February 15, 2012
University of Phoenix
This paper will examine the lawsuit filed by Shirley Jones against The National Enquirer, Inc., a business based in Florida, and its president. The lawsuit, filed in California, was for alleged defamation, emotional distress, and invasion of privacy. In addition, this paper will examine what type of paper the National Enquirer is, along with the ethics behind trying to avoid the suit. Furthermore, the following paper will inquire about the defendants subject to suit in California.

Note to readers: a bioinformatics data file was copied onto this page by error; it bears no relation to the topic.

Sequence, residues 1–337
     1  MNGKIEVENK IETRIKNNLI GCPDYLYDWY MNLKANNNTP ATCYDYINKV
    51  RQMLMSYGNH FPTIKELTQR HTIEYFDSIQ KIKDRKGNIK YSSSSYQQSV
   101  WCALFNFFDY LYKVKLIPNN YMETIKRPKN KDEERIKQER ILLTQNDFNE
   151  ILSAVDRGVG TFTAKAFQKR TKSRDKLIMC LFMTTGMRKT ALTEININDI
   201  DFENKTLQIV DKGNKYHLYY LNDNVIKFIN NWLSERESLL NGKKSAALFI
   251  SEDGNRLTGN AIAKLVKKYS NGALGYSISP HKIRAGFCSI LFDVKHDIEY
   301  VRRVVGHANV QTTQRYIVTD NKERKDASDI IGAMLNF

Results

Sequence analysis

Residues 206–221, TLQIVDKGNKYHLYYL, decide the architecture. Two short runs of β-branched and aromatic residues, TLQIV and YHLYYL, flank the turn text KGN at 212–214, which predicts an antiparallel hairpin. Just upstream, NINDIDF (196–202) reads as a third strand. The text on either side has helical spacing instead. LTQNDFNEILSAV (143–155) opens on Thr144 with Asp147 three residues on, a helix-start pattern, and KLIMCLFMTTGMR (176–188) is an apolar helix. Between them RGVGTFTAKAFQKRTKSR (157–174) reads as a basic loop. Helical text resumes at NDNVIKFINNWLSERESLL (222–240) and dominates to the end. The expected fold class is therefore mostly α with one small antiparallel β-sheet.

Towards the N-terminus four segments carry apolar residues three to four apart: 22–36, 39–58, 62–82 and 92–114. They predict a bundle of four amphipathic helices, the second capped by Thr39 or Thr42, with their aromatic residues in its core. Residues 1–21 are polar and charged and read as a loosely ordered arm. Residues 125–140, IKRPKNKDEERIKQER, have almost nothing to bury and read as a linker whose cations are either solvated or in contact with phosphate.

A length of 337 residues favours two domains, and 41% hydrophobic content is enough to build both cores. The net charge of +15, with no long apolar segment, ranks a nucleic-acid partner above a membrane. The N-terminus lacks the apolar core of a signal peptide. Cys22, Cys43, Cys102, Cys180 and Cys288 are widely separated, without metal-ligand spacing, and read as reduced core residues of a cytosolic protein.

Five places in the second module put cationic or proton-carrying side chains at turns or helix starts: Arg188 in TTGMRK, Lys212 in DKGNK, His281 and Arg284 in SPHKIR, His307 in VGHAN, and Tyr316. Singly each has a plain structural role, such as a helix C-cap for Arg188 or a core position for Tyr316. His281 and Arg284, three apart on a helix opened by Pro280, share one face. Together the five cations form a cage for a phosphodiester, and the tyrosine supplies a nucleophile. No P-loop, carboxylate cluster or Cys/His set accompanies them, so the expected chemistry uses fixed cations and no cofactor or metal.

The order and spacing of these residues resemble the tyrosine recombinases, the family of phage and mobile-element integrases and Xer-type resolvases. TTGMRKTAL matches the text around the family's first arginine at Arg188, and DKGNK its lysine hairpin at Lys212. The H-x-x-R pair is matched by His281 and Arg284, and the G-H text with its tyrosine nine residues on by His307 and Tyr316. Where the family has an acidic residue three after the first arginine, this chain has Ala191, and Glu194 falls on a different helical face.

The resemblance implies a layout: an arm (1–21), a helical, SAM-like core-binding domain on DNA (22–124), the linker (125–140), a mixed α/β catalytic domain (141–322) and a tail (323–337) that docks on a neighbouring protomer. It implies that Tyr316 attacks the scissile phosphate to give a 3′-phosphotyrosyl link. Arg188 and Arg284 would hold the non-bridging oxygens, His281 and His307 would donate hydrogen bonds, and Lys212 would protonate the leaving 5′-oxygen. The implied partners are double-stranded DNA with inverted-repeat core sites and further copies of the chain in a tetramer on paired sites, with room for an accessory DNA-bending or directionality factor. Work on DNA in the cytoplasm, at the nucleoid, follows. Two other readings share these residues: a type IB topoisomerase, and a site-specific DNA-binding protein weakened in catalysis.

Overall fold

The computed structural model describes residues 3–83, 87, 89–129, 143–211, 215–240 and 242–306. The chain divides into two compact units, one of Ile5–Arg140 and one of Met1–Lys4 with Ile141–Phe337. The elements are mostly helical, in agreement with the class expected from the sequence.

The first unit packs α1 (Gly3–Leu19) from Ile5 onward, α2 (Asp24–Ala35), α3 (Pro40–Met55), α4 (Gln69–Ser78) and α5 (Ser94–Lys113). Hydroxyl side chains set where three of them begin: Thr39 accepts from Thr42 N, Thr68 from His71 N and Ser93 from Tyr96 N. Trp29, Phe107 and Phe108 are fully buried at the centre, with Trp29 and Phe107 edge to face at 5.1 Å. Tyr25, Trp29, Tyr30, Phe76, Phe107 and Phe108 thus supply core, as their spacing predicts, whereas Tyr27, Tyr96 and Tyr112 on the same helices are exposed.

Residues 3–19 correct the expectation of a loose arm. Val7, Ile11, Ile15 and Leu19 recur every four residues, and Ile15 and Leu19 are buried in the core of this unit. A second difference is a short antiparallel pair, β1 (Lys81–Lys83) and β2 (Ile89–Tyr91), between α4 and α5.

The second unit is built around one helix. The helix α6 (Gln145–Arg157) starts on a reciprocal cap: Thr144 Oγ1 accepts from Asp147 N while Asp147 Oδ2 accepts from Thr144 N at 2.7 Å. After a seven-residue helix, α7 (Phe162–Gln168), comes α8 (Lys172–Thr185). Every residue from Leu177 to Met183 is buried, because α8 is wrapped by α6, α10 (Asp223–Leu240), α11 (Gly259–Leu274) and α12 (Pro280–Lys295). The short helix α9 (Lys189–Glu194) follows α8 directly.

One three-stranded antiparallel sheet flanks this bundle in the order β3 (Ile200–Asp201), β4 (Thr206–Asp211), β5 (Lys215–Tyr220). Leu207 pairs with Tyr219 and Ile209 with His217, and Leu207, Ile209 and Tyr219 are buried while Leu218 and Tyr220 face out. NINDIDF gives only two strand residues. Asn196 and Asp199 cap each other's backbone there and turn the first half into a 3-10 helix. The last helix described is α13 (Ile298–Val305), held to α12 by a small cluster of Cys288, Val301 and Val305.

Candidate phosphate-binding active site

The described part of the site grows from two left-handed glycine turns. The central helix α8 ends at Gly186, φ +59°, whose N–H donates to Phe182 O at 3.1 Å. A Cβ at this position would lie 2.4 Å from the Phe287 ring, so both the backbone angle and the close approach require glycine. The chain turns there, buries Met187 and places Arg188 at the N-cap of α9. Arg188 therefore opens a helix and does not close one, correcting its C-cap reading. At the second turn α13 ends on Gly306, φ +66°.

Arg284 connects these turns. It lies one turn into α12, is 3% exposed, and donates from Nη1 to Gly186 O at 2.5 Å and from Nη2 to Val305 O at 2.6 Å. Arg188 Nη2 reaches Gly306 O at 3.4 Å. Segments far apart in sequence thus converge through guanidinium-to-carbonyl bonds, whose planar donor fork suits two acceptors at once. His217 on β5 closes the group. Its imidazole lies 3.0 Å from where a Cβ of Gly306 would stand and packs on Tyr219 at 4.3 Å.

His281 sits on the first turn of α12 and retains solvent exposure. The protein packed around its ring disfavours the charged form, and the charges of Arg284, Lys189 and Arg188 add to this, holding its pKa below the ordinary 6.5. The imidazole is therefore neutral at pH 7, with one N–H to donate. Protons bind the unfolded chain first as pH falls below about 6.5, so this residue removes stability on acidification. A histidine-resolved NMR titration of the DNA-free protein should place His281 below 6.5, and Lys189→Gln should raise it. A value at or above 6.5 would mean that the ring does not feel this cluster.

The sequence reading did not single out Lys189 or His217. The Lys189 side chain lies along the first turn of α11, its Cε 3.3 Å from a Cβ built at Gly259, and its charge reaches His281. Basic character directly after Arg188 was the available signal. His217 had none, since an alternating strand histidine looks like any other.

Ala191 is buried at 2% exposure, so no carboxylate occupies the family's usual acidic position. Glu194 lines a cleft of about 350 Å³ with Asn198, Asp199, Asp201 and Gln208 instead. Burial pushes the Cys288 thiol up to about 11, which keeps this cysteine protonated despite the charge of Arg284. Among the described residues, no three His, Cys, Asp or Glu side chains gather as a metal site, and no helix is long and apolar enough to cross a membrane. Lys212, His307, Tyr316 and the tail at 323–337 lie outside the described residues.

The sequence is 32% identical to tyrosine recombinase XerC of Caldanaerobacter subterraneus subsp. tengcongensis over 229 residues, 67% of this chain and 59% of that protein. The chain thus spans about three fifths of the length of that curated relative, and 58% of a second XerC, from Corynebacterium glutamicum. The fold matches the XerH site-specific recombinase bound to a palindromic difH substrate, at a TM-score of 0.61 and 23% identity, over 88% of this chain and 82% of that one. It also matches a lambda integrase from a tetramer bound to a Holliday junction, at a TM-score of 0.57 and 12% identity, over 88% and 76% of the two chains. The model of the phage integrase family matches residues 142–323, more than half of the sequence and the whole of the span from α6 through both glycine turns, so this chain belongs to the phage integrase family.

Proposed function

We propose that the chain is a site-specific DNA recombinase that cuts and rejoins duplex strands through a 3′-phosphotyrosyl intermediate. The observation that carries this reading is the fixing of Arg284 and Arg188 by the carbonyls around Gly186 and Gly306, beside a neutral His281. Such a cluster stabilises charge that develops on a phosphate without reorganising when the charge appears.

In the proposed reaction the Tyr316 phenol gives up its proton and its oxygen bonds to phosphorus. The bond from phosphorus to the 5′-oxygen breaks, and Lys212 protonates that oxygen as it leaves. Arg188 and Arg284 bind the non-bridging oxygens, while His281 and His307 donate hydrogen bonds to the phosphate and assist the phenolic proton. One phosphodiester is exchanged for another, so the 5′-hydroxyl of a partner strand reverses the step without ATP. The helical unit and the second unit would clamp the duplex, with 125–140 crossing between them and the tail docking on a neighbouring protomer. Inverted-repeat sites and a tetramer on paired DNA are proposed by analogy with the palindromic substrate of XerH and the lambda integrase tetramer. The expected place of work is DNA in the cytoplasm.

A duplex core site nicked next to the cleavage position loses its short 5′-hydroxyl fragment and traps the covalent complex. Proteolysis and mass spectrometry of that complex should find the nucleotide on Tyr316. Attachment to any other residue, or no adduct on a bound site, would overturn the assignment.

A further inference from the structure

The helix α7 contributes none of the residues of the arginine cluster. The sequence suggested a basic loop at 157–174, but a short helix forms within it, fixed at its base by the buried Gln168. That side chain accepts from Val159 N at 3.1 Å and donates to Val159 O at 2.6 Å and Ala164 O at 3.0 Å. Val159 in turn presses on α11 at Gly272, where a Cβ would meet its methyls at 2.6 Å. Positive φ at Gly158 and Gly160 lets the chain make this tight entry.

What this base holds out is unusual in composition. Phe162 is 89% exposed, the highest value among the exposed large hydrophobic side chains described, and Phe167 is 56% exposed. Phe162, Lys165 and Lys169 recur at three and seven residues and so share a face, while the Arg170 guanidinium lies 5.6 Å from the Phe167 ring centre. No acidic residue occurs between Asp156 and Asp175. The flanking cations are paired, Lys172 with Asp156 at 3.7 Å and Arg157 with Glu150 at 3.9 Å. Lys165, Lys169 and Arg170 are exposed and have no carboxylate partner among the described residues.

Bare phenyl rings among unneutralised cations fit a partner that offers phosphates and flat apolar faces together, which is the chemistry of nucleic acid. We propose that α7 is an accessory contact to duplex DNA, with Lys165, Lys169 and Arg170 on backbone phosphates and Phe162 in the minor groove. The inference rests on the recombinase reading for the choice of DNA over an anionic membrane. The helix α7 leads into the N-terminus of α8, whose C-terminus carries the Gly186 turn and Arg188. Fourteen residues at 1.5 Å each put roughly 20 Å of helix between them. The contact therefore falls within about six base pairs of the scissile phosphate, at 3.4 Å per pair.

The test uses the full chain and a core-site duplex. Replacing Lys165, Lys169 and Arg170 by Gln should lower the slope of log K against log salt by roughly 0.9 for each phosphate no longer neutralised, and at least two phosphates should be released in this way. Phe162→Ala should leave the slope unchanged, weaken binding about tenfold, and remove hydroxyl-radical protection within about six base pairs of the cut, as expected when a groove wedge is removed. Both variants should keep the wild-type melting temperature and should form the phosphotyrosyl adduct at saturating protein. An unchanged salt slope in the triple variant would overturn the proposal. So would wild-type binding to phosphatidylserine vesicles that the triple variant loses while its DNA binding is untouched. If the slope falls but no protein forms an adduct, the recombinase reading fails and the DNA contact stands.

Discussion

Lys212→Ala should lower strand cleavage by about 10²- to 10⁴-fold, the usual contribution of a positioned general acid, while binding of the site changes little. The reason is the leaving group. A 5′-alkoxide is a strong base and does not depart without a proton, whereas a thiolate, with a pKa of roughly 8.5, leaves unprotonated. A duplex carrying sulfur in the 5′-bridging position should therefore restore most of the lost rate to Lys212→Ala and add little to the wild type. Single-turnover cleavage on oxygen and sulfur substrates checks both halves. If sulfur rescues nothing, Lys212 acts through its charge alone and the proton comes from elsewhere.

The National Enquirer is a supermarket tabloid that exaggerates information received, usually from tips that were purchased, involving people in the limelight: politicians, celebrities, et cetera. It is referred to as a “supermarket tabloid” because it is commonly found in the checkout aisle of a grocery store. The paper is “an American original for nearly 80 years” and it is said that “no other publication breaks as many big celebrity stories as the National Enquirer” (American Media, Inc., 2012). From the type of material the tabloid puts out there, one could say that people only read it for a good laugh and to see just how ridiculous each story can be. It was unethical for the National Enquirer to try and avoid suit in California because they should take responsibility for their actions. Even though the president of the tabloid is a resident of Florida they should still address the suit in court since it involves their company. A legal suit such as this example should only apply to the state if all parties involved are within that one state. But in a matter such as this one involving the National Enquirer and its president, the state should only matter for where the suit is being filed. The president of the tabloid being a resident of Florida shouldn’t have anything to do with the suit. The defendants are subject to suit in California because that is where the suit is being filed...